Sheetfed Gravure. Although almost all gravure production is on web presses, sheetfed gravure presses still exist. Sheetfed gravure is used for proofing; for printing jobs which must be printed on paper available only as sheet; for fine art reproduction and posters; for extremely high quality cosmetics cartons; and overall coating of a product that is printed by sheetfed offset (in order to provide high brilliancy to the printed sheet), or for metallic inks that can-not be applied by the offset method.
A schematic of a sheetfed gravure press is shown in Figure 4-4. The printing unit consists of printing cylinder, doctor blade and ink fountain (with ink pan and applicator roller). The dryer is positioned below the sheet transport and slow-down system.
The sheet fed gravure press can work with either a gravure printing cylinder or a flat gravure printing plate.
Intaglio Plate Printing Intaglio. plate printing is used for printing bank notes, currency, securities, and social printing (traditional "engraving" of business cards and invitations).
Intaglio printing presses are generally sheetfed, although some intaglio work, such as postage stamps, is done by web.
The substrate is printed between an impression roller, and a printing cylinder. The ink, a thick paste, is transferred to the print cylinder by meas of separate inking groups (one for each color) which consist of ink pan, transfer rollers, milling roller and inking roller.
Intaglio printing shares the principle of engraved cylinders with gravure, but the inking system is totally different. The non-printing areas of the printing cylinder are cleaned with cleaning paper, supplied from a continuous roll. The image is then transferred from the plate to substrate under extremely high pressure. After printing, the sheets pass into a dryer. Intaglio, the forerunner of modern gravure printing, is also still used for fine art printing in small presses which consist of simply an engraved plate and an impression mechanism which presses the paper against the plate, inking and doctoring are carried out by hand, and the paper is usually moistened to enhance ink transfer.
Offset Gravure and. Flexo Gravure The offset gravure system or "indirect gravure" is used mainly to print materials with irregular surfaces.
The unit is a standard gravure print unit, with the addition of a rubber-covered transfer roller. The substrate is threaded between the standard impression roller and the transfer roller. The transfer roller is then used to print the image on the product to be decorated. This transfer of image from cylinder to roller to product is identical to the image transfer method of offset lithography, hence the name "offset gravure". Typical products are wood veneer or decorated metal surfaces. Irregular shapes such as construction molding and individual parts or products may be carried to the printing nip in a recessed conveyor belt designed to hold them.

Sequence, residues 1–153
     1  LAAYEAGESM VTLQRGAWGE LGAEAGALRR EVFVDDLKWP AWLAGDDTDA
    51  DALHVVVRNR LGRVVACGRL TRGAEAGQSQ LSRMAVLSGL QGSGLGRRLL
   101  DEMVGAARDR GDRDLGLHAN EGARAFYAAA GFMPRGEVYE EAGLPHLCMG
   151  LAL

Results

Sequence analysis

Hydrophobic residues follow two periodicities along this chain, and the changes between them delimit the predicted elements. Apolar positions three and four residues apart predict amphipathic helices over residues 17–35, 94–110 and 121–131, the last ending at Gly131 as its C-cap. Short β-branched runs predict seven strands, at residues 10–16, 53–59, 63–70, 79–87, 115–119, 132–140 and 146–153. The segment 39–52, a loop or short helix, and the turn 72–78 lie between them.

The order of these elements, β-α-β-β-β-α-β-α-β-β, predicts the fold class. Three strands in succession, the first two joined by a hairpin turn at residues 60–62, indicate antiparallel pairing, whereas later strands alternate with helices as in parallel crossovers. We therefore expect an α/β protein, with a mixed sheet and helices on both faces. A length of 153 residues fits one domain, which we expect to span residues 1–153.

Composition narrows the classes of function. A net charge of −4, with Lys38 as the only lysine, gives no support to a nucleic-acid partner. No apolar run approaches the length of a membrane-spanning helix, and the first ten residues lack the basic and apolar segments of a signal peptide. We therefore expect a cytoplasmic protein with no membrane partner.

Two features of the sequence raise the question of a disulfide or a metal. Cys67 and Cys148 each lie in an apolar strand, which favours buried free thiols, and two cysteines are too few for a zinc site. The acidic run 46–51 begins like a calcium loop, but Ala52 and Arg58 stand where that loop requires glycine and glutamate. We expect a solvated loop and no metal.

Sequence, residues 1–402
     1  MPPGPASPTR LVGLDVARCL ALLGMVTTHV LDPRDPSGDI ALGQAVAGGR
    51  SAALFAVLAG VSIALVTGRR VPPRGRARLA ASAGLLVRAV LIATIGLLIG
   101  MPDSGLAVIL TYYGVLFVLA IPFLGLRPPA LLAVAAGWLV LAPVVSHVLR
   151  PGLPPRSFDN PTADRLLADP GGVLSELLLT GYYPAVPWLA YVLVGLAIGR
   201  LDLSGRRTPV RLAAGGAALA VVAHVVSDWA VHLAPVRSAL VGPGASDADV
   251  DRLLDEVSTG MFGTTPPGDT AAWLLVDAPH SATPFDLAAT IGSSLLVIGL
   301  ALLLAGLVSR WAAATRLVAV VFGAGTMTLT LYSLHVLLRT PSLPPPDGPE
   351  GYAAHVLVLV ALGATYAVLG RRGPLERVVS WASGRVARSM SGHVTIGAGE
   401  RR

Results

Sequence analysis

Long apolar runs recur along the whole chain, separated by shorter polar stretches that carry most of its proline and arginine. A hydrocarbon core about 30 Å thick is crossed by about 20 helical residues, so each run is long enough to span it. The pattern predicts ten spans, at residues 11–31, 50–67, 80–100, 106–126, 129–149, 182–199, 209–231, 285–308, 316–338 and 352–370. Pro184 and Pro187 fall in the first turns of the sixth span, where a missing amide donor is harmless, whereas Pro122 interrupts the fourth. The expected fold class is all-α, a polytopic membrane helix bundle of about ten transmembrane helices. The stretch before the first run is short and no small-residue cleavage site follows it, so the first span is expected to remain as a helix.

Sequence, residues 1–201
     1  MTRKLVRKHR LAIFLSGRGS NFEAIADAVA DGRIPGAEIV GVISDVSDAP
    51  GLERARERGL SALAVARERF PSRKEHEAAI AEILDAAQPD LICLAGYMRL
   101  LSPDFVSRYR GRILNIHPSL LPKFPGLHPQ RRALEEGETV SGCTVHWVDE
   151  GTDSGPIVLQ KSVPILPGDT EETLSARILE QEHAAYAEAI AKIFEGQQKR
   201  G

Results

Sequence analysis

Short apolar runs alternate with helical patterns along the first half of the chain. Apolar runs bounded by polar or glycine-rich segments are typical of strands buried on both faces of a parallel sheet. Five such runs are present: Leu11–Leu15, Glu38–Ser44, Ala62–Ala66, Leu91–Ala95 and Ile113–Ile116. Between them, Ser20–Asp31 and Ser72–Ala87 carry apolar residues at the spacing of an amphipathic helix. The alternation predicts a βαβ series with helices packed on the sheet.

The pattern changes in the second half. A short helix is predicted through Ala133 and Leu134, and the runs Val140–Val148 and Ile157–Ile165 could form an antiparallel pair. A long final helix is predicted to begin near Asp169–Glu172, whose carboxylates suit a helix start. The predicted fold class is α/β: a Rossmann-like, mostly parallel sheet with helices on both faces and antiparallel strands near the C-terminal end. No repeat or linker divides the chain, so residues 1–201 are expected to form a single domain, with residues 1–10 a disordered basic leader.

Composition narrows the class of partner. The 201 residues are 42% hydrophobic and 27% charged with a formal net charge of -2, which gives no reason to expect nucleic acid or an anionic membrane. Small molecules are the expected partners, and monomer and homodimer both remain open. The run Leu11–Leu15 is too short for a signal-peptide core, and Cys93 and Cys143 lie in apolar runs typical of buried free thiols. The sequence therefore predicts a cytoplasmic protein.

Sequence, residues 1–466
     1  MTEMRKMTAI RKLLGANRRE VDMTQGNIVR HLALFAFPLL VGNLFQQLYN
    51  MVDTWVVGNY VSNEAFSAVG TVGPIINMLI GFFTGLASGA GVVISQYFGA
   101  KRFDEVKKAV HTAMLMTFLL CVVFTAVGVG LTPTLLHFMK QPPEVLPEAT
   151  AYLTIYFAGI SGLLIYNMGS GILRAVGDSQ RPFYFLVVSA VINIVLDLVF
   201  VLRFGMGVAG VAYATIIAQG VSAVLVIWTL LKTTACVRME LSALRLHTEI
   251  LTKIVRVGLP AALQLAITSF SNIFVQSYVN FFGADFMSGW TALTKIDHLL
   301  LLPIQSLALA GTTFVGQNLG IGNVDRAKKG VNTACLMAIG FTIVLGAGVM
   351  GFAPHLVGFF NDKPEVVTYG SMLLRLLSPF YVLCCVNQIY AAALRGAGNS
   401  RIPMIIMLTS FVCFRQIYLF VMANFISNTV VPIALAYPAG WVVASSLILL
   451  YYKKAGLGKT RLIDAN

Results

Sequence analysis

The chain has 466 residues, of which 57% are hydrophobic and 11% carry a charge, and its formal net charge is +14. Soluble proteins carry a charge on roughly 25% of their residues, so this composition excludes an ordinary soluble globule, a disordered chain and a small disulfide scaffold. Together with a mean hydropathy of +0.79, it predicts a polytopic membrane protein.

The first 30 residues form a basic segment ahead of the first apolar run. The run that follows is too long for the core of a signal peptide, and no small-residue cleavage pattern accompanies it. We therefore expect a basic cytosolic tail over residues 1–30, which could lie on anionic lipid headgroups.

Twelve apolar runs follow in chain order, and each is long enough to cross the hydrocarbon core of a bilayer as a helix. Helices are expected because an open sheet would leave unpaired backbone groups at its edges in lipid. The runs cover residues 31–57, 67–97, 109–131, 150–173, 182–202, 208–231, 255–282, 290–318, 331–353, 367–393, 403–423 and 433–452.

A variation of offset gravure is the use of a gravure cylinder in place of an anilox roll on a flexo press. The flexo plate cylinder is mounted with a smooth rubber blanket and the image from the gravure engraved cylinder is printed onto the rubber blanket and then transferred to the substrate. This application is usually referred to as flexo gravure, Examples of this application are clear film overwraps for towels and tissues and premium plastic handle bags used for advertising where high quality reproductions are desired.
Gravure with Flexo Units. Flexographic units may be added to gravure presses to imprint prices and addresses on a product whose main designs are printed by gravure. In such cases, the flexo unit is designed as an attachment, installed on the frame of a gravure printing unit.
In some cases presses are designed so that a flexo print unit may be substituted for a gravure unit by means of a movable cart containing a plate cylinder, anilox roller and reverse angle doctor blade mechanism. In this type of combination press the gravure cart carries printing cylinder, splash guards, inking system and doctor blade mechanism. Such presses are used to print pharmaceutical packaging or paper cups, where simpler designs may be printed in flexo, while the more complex ones may be printed by gravure.
Gravure and flexo are also used simultaneously on the same press when part of the copy (such as sale prices or retail addresses) has to be changed several times during the run, and it is therefore done in flexo. The combination is also used to personalize special orders of products.
Gravure Roller coating. Gravure engraved cylinders are used to apply primers, coatings and adhesives on overall or spot coating to a wide variety of products. Examples are:
• Primer coating, to facilitate adhesion of ink on foil.
• Coatings or primers to provide barrier properties.
• Cold seal adhesives.
• Adhesive coating for dry bond lamination.
• Registered spot adhesive.
• Heat seal coatings.
• Coatings for hot stamp foils.
• Release lacquers.
• Hot melt coatings.
In all the cases above, the coating unit is a standard gravure unit. For hot melt (wax) coating, a gravure system is also used but it is slightly modified because the pan, the coating cylinder and the doctor blade are generally heated. Coating materials, although supplied to the coating cylinder from the ink fountain, are generally not supplied to the ink pan through the press's conventional ink circulation. Physical properties of the coating will determine how the material is brought into contact with the engraved cylinder.
Gravure Units on Other Equipment. Gravure units may be installed in line with other equipment, mainly in line with flexo or offset print units, as well as laminating equipment. Generally, the scope of the gravure unit is to apply an overall lacquer or lamination adhesive.
Gravure units are also installed in line with extrusion coating or extrusion laminating lines.